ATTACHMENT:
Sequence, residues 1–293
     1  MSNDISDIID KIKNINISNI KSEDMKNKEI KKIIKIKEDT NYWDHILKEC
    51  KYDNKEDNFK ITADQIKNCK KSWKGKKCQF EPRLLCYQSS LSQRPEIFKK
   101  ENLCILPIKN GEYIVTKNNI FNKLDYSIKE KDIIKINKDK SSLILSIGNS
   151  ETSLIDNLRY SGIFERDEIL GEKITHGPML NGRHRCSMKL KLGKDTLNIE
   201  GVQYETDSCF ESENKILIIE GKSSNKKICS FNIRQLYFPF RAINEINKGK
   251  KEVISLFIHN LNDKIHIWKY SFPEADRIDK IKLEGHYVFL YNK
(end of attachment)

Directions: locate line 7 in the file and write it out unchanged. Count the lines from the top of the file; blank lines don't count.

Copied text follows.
   251  KEVISLFIHN LNDKIHIWKY SFPEADRIDK IKLEGHYVFL YNK